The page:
Are Drop-In Audio Apps the Future?

As people stopped traveling, bars closed, conferences and in-person meetings went virtual — we found new (and not so new) ways of trading ideas and staying in touch. Staying connected has never been more important. While Zoom and video has dominated workplaces and get togethers with friends, we’ve also seen audio apps take off — Clubhouse being the primary example. But there are others I’ve been exploring such as (livestream a phone call) and Roadtrip (listen to music with friends).

“Audio hits different.” –a Clubhouse user the other day

In 2020 there’s been a lot to discuss. I consider it an inflection point in modern day history for several reasons, but that’s for another time. Whether it’s the global pandemic (and it’s politicization), George Floyd and Black Lives Matter, the US election, Brexit, or the economy, there’s a lot happening in the world that’s surfaced (or re-surfaced). We need a public gathering place to address these things. So are these drop-in audio apps like the modern day Agora? In Ancient Greece, the Agora served as as a gathering place for political debates, trade, sports and other functions. It served a lot of purposes, but it helped democratize information by creating a public forum.

Now back to 2020.

While Twitter still dominates the ‘real time’ zeitgeist, news and other forms of fast information exchange, these new drop-in audio apps prove to be doing well because of their simplicity, familiarity and scale. Audio is familiar (think podcasts, radio, etc), but it’s also low commitment if you want it to be. You can listen in for a bit without having to actively contribute to the conversation — you don’t have to actively play DJ with Roadtrip if you don’t want. The scale and accessibility is real too: it’s on our phones and can be accessed globally — listen to thought leaders or “normals” exchange ideas on a topic on the train or while driving (or 35 thousand feet up when we’re all flying again).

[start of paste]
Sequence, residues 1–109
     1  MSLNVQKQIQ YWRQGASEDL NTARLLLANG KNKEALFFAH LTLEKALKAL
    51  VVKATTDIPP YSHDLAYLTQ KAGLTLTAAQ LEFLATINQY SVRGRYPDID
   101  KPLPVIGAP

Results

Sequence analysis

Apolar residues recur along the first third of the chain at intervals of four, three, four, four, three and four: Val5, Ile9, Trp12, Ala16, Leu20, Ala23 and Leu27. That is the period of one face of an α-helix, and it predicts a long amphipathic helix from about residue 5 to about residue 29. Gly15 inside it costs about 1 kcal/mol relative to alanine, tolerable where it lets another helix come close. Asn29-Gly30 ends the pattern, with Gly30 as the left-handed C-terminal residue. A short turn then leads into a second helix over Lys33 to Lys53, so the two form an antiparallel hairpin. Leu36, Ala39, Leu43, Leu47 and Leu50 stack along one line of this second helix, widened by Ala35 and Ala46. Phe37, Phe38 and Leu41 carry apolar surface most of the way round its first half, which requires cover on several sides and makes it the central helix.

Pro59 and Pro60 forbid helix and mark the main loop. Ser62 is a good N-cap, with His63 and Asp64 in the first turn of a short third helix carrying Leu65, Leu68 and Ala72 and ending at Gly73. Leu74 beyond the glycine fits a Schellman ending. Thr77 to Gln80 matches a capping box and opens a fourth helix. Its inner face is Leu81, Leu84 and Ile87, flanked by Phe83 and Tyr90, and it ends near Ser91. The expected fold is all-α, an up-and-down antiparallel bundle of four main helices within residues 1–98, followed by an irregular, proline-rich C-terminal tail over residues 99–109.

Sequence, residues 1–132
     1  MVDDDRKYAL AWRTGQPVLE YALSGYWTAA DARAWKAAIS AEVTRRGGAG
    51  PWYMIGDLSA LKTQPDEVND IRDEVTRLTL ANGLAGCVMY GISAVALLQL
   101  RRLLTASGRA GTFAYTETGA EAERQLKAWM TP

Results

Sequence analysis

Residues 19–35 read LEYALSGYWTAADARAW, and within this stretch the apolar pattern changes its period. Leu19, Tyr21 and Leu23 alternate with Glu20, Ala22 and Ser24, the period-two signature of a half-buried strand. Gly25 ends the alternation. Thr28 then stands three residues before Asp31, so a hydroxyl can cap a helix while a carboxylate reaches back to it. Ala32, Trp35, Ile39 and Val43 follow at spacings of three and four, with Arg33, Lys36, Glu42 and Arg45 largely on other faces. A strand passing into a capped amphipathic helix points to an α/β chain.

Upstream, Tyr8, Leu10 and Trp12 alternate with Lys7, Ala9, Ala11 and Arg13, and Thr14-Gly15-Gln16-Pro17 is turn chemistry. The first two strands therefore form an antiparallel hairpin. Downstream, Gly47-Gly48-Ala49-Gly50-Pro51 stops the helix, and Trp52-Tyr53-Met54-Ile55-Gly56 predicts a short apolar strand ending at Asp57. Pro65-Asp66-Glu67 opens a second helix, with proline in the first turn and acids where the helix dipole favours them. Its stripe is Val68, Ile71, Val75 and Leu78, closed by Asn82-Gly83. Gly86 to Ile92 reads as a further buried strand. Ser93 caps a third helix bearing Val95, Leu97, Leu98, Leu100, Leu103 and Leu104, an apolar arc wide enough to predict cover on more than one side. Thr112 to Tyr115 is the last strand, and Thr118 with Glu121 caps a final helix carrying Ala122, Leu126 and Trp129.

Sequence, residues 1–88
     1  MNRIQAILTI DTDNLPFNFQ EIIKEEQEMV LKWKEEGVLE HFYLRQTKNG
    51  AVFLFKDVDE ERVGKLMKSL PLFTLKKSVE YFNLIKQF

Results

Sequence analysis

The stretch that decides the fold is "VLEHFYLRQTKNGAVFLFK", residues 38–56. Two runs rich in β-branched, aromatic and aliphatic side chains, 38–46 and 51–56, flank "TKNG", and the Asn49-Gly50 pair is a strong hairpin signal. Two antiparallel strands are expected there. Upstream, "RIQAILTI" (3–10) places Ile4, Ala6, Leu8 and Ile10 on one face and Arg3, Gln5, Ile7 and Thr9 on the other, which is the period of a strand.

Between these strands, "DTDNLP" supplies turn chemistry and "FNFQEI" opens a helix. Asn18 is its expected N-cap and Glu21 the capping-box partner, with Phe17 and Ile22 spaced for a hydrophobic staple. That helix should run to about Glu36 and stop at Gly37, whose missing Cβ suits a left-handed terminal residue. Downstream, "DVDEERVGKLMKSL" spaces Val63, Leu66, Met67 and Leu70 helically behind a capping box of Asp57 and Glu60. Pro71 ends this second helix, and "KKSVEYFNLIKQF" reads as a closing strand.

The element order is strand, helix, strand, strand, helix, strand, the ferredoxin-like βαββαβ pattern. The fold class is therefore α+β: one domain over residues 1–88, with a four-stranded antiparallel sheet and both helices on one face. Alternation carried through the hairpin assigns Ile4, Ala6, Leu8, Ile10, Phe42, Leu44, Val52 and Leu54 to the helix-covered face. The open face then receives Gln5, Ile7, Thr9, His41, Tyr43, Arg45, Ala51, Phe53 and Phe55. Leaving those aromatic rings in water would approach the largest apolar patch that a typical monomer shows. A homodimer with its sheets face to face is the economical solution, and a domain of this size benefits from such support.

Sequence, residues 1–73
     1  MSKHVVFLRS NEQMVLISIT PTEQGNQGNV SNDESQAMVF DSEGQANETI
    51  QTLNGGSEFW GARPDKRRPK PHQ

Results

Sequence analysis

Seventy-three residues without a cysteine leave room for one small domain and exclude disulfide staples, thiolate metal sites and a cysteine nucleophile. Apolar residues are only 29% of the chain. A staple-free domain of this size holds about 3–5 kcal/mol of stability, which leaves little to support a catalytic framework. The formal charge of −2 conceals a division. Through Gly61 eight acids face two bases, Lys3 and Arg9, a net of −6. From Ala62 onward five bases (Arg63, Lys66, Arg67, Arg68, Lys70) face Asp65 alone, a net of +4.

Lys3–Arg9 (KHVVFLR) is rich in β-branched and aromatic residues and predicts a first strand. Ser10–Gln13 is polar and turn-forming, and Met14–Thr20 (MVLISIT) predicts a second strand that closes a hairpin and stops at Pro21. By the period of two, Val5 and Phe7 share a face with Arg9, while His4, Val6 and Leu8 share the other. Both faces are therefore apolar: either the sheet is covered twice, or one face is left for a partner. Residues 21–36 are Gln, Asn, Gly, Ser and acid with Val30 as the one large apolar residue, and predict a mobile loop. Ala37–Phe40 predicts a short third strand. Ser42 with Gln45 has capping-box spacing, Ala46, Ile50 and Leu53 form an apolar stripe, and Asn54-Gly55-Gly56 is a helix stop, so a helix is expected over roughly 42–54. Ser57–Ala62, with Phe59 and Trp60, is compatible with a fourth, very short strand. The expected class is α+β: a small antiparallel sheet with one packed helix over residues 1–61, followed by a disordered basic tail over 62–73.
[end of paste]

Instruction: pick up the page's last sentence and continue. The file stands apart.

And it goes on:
There’s still an element of spectatorship though — in a crowded room, you might not know who’s who. While your favorite celebrity might feel more comfortable not putting something down in writing, they and the rest of us are still careful in what we say — conversations come with a lot of context. On Clubhouse for example, there’s no rewinding, it’s not rehearsed or scripted. (Although, there are have been reports of screen recording recently).

I was recently in a room with Joe Budden and a few others who were discussing the risks in ‘saying whatever comes to mind’ — you might have execs or others with power in the room listening in. You’re not completely free from critique, just ask Akademiks when he joined his “Welcome Party” on Clubhouse.

“This isn’t a clubhouse anymore, it’s just a club.” –a Clubhouse user a few days ago expressing concern about the growing lack of exclusivity with the platform.

Will audio replace other media types or platforms? Nope; it’s complimentary. Most recently, I saw that Twitter is testing into audio rooms, allowing people to create/join rooms — this would create a one-stop-shop, since they already have live video as well. I joined a conversation where Twitter’s Chief Design Officer, Dantley Davis, was hosting a great discussion on the thinking so far and how they’re experimenting with it. As folks contributed to the dialog, Jack listened in — it was actually really awesome.

A simple graph showing the interconnected nature of creators, content and an active user base.

I think there’s product/market fit for drop-in audio apps (and features) if they can figure out how to make it a business while satisfying their user base. There’s been some recent discussions on Clubhouse’s influencer program, for example. On Twitter, I would imagine this could further help their engagement KPIs (e.g. DAU and time spent per session). I think there’s consumer demand for audio, as long as the content is valuable. If you don’t get enough interesting people (and consequently interesting content), then you’ll lose the audience and not achieve product/market fit — hence why the point on business viability here is so important.

In general, I like where it’s going and how the main players are testing into it and validating along the way.

Looking forward to hearing your thoughts. See you online!

product vp @americanexpress. founded yixxie, a boutique digital firm. @cal alum. opinions are mine.